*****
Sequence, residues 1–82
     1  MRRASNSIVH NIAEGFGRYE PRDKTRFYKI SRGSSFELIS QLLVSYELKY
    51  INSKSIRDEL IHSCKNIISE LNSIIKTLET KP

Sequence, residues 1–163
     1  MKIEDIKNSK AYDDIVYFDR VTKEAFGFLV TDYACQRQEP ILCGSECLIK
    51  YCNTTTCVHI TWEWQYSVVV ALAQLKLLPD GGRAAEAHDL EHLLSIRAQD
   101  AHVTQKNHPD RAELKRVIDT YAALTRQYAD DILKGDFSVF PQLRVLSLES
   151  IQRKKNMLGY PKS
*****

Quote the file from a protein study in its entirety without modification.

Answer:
Sequence, residues 1–82
     1  MRRASNSIVH NIAEGFGRYE PRDKTRFYKI SRGSSFELIS QLLVSYELKY
    51  INSKSIRDEL IHSCKNIISE LNSIIKTLET KP

Sequence, residues 1–163
     1  MKIEDIKNSK AYDDIVYFDR VTKEAFGFLV TDYACQRQEP ILCGSECLIK
    51  YCNTTTCVHI TWEWQYSVVV ALAQLKLLPD GGRAAEAHDL EHLLSIRAQD
   101  AHVTQKNHPD RAELKRVIDT YAALTRQYAD DILKGDFSVF PQLRVLSLES
   151  IQRKKNMLGY PKS